Applying adaptation that optimizes NPV of coastal protection everywhere along the European coastline would still result in losses from coastal flooding, especially towards the end of the century. By 2100, EU total EAD will reach €8.8 and €24 billion under Sustainability and Fossil Fuel Based Development, respectively (Table 5). However, these represent a 96% (€200.1 billion) and 98% (€1.24 trillion) reduction compared to a do-nothing scenario. The highest losses are projected for Scotland, Ireland, Denmark, Romania, Croatia, Cyprus, Sicily, Andalucía, Bretagne, the south east Baltic Sea, and Provence, with NUTS2 level EAD exceeding €300 million towards the end of the century under Fossil Fuel Development (Table 5).

Table 5 Damages after adaptation.

Similarly, further coastal protection will still result in people flooded with the EU total expected annual number of people flooded (EAPF) towards the end of the century reaching 653.4 k and 1343.1 k under Sustainability and Fossil Fuel Based Development, respectively (Table 5). Still the additional protection will reduce the 2100 EAPF along the entire European coastline by 59% (959.2 k people) and 66% (2555.1 k), respectively, compared to a ‘do nothing’ scenario (Table 5). The population around the Puglia, Croatia, the Ionian Islands, the Basque country, Basse Normandie, Nord Pas de Calais, Scotland, Ireland and south east UK are projected to be more affected by coastal floods, with NUTS2 level EAPF exceeding 15,000 towards the end of the century under Fossil Fuel Based Development (Table 5).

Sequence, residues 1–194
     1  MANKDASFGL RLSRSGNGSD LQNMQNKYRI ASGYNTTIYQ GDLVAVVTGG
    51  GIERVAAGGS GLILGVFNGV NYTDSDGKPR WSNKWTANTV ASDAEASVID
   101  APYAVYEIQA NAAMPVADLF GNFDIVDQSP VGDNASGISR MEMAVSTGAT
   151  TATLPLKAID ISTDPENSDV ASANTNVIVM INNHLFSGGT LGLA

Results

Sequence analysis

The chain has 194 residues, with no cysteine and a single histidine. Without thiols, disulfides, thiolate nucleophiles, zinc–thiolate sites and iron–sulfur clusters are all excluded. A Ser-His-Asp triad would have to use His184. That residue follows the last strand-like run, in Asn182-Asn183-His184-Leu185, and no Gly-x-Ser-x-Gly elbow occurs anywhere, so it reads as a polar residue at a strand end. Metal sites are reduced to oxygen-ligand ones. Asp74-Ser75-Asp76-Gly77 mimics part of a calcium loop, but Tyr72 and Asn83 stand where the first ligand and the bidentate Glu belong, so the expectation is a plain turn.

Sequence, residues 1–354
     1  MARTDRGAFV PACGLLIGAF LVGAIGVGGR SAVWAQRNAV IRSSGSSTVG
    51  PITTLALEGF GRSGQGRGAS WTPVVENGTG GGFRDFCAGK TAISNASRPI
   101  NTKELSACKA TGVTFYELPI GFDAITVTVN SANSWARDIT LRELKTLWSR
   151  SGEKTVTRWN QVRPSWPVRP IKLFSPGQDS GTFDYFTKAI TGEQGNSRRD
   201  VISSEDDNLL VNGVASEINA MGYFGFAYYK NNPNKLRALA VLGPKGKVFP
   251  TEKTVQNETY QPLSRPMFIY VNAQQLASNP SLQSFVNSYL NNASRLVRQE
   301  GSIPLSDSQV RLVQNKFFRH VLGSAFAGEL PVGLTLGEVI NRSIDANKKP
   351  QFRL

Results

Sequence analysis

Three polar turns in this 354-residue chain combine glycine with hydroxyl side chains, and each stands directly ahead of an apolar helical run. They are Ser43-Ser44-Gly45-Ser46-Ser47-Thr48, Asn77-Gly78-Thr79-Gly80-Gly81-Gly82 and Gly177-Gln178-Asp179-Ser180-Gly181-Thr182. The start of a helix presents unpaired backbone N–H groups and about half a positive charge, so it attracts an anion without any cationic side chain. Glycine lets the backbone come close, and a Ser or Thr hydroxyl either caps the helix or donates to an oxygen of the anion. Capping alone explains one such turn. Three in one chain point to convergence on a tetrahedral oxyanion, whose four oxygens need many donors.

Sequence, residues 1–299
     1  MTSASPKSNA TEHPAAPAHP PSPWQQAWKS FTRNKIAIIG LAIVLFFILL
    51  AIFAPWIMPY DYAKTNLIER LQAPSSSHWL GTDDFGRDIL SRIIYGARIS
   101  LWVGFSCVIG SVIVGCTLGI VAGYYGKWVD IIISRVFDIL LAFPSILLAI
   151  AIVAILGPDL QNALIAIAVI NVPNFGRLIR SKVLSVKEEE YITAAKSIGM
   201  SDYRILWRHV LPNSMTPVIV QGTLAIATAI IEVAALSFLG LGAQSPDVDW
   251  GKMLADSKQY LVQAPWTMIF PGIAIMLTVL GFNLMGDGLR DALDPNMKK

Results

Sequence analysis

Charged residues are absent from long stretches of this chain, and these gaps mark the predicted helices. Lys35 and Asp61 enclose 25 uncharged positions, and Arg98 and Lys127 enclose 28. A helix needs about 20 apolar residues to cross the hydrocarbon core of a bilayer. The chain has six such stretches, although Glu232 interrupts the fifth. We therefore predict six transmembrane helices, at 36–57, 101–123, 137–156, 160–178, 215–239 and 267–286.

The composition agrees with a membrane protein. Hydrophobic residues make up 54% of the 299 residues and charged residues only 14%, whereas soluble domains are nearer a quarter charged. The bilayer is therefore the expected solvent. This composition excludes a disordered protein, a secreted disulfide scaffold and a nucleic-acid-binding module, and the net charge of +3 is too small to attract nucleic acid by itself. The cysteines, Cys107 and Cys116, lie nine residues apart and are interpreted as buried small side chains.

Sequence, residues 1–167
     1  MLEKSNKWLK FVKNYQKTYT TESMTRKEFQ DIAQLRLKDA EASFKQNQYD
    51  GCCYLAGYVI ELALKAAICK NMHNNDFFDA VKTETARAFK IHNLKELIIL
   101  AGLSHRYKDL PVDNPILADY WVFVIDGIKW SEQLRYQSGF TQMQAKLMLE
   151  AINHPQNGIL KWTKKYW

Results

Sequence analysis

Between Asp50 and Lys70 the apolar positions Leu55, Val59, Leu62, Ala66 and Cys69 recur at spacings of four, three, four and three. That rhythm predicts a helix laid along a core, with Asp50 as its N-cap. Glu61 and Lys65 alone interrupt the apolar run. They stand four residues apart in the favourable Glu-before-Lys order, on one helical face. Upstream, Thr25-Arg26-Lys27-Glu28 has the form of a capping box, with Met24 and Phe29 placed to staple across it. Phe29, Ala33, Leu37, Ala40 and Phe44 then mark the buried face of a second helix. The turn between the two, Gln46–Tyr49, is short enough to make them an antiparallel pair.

The present analysis has shortcomings that are inherent to the scale of the application. We note that in our cost-benefit analysis the benefits are limited to avoided flood risk until the end of the 21st century. Other potential costs of increased protection of coastal areas against inundation, such as the loss of valuable ecosystems through coastal squeeze26,27, are not included in the analysis.

Near river deltas and estuaries coastal and river flooding could coincide. Such compound events could reinforce each other and give rise to impacts that are larger than the sum of the impacts of the single events. With rising extreme sea levels along Europe’s coastlines and increasing river flood hazard in many parts of Europe, compound flood hazard will likely increase in Europe28,29. A proper assessment of this hazard and the consequent risk is yet lacking at continental scale, it should be noted, however, that to date compound flood risk represents only a marginal fraction of the total flood risk in Europe30.

Sea levels are projected to increase long after 2100 and very likely this will happen at an accelerating rate31,32. Hence, even though our impact and cost-benefit analysis is limited until 2100, adaptive measures taken now will also lower flood risk during the 22nd century and beyond. Considering longer time spans, the benefits and maintenance costs of rising dyke heights are therefore likely much higher than estimated in this paper.